- Development & Aid
- Economy & Trade
- Human Rights
- Global Governance
- Civil Society
Saturday, August 30, 2014
- The rumbling drone of a fleet of U.S. helicopters carrying security and administrative personnel could be heard long before the eight choppers came into view over the Ramallah horizon on their way to the Palestinian Authority (PA) presidential compound in the West Bank de facto capital Ramallah.
The helicopters circled over the city several times, swooping low over illegal Israeli settlements on hill tops surrounding the Palestinian enclave, and over Palestinian apartments, houses and businesses before finally landing at PA President Mahmoud Abbas’s Muqata (compound).
This was a security dummy run on Monday for U.S. President Barack Obama’s official visit to Ramallah due Thursday this week. The PA’s security apparatus has been working closely with American and Israeli security personnel to ensure the American president’s safety.
Many Palestinians seem hostile to the visit. Posters of Obama have been torched and vandalised. Angry Palestinians threw shoes at a U.S. diplomatic vehicle in Bethlehem during an anti-Obama demonstration. More demonstrations are being planned during the visit.
These developments came as the Geneva-based UN Human Rights Council (UNHRC) said that Israel’s “creeping annexation” of the West Bank had led to many human rights violations that could possibly be brought before the International Criminal Court (ICC).
The U.S. refused to take part in the debate in Geneva on Israeli settlements and their effects on Palestinians, accusing the UN of being biased against Israel.
The U.S. stance on the UNHRC debate came as no surprise to Palestinians. It only succeeded in angering them further at what they say is the U.S. government’s bias towards Israel complemented by massive economic and military aid.
The debate followed a January report by a panel of UN investigators, and was supported by the European Union (EU). A resolution declared that “settlements are illegal under international law and constitute an obstacle to peace.”
There are over 500,000 Israeli settlers in the Palestinian Territories, including nearly 200,000 in occupied East Jerusalem. The settlers live in more than a hundred settlements and about as many outposts, all illegal under international law.
Israeli rights group B’tselem states that one of the methods used by the Israeli government to expropriate Palestinian land is simply declaring land in the West Bank Israeli state land, even land privately owned by Palestinians.
“A significant percentage of the land that Israel declared as state land is actually privately owned Palestinian property, which was expropriated from its lawful owners through legal manipulations and in violation of local and international law alike,” says B’tselem.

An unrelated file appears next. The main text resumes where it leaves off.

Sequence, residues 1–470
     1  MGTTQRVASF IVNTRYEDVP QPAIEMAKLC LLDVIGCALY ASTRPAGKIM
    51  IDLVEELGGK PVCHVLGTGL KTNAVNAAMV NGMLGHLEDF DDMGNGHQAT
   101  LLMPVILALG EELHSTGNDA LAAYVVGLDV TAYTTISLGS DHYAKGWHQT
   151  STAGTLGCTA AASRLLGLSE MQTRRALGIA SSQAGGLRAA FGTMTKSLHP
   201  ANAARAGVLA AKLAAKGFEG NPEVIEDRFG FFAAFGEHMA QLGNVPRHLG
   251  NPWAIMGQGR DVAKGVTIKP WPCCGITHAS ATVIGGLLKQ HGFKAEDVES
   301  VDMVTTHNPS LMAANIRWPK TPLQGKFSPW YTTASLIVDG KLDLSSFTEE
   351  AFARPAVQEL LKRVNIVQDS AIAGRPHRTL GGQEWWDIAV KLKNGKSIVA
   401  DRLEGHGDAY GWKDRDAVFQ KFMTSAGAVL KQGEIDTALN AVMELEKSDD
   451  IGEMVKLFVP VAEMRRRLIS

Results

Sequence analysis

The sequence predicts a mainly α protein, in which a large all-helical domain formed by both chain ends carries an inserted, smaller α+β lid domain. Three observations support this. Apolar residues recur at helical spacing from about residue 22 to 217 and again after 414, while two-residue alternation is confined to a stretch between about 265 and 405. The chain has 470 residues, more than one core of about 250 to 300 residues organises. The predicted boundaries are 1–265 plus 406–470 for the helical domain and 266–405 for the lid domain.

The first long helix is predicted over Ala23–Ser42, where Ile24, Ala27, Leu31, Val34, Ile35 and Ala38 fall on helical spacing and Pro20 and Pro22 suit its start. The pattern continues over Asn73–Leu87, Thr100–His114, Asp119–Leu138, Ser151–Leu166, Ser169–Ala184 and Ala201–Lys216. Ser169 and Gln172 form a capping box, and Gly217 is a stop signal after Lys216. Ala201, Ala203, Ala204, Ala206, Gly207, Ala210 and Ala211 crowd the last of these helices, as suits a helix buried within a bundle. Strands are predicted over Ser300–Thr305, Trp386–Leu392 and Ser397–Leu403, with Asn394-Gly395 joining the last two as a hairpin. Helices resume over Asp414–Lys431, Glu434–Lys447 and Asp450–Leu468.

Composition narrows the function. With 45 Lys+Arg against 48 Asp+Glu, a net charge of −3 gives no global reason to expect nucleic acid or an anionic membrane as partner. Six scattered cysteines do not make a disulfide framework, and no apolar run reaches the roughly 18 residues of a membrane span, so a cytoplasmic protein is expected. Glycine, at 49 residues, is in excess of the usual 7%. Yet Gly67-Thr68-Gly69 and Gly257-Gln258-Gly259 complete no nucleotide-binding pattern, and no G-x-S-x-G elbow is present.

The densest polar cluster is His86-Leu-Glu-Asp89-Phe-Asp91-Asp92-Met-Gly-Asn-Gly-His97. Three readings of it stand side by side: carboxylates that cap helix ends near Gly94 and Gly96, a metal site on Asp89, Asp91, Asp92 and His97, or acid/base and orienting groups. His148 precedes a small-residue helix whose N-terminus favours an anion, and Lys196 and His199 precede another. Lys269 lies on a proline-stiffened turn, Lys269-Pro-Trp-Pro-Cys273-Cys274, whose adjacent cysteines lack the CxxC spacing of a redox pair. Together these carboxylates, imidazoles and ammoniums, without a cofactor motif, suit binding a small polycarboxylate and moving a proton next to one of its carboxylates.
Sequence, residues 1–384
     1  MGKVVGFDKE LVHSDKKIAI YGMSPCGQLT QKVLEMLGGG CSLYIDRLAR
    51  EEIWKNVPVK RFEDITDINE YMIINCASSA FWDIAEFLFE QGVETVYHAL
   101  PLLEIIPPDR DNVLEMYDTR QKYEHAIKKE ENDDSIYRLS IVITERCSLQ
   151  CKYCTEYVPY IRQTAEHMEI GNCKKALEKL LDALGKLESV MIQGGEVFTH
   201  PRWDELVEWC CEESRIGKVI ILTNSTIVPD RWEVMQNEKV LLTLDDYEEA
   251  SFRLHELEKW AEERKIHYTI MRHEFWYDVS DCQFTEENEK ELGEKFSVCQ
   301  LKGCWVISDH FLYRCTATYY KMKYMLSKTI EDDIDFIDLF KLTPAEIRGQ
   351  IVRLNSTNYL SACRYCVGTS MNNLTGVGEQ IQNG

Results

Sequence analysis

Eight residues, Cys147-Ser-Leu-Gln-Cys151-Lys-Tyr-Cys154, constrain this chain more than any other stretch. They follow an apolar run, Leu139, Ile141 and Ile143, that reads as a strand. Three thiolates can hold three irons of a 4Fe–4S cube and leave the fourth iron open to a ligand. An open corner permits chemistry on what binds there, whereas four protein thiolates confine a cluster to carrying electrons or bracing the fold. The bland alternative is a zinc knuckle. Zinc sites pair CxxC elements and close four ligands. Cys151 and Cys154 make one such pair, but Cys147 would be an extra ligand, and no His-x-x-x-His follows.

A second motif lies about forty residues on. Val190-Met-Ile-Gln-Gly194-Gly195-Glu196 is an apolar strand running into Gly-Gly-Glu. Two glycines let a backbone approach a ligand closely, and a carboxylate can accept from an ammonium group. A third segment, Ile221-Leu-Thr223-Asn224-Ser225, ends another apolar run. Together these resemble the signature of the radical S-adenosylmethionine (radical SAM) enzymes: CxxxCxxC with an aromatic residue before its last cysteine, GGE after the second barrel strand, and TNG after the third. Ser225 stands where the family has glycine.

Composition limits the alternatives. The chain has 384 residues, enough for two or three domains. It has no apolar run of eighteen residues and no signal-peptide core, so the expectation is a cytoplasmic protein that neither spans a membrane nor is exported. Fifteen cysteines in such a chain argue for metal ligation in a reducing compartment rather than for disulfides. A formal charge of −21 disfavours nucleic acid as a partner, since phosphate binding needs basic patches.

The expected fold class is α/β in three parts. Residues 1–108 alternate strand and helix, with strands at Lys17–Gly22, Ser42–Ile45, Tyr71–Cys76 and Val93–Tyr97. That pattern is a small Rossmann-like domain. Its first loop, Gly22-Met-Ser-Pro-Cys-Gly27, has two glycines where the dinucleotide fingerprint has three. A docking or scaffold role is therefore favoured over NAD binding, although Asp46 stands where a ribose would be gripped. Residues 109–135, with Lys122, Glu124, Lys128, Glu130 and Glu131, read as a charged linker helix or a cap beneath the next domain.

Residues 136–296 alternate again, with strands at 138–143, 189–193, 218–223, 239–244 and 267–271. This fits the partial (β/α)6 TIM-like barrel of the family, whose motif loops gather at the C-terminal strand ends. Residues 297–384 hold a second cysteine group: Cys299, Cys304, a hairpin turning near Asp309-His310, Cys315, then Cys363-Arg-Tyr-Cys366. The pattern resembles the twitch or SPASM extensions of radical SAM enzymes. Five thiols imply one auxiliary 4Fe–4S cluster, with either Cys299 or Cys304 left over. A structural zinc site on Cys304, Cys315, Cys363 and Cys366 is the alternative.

“This runs contrary to the law which stipulates that state land in the West Bank, even if declared as such prior to 1967, is not to be earmarked for the use of the State of Israel, but rather for the use of the local Palestinian population.”
Obama has said the purpose of his trip to the Middle East is to listen, rather than bring any proposals for a political solution. He has ruled out demanding a construction freeze in Israeli settlements on the West Bank.
Obama’s hands-off approach is sure to be interpreted as a green light to Israel’s newly formed government. The coalition comprises three pro-settler parties with all ministerial positions affecting West Bank settlement activity in the hands of settlers or their supporters.
Still-serving Foreign Minister Avigdor Liberman said Monday that his Yisrael Beiteinu party would seek to prevent any new construction freeze in West Bank settlements. He also said there would be no peace with the Palestinians in the next four years. Lieberman has support from the Interior Ministry from Pinchas Wallerstein, a veteran settler leader who chairs the committee for investigating the boundaries of regional authorities.
Economics and Trade Minister Naftali Bennett is a former chief of the Yesha Council of Settlers. New Housing and Construction Minister Uri Ariel from Habayit Hayehudi (its electoral base comprises settlers) has spent his public career advancing the settlements.
The new finance minister, Yesh Atid chief Yair Lapid, is chairman of the new Ministerial Committee on Housing Issues. Finance Committee chairman Nissan Slomiansky, also of Habayit Hayehudi, is a secretary general of the Gush Emunim settler movement and a member of the Yesha Council.
Defence Minister Moshe Yaalon and Deputy Defence Minister Danny Danon from the ruling Likud party will be responsible for settlements and their security in the West Bank. “The new government will be a national government that will preserve the country’s interests, including the settlements,” Danon said in an interview before his appointment.
“There is a long fight ahead. We will not give up our land. We prefer to die rather than submit to occupation,” Shaker Tamimi from the Palestinian village Nabi Saleh near Ramallah, which has lost a number of villagers to settler attacks and a lot of its land to the Halamish settlement told IPS. Tamimi’s unarmed brother was shot dead by Israeli soldiers last year while protesting against the expropriation. (END)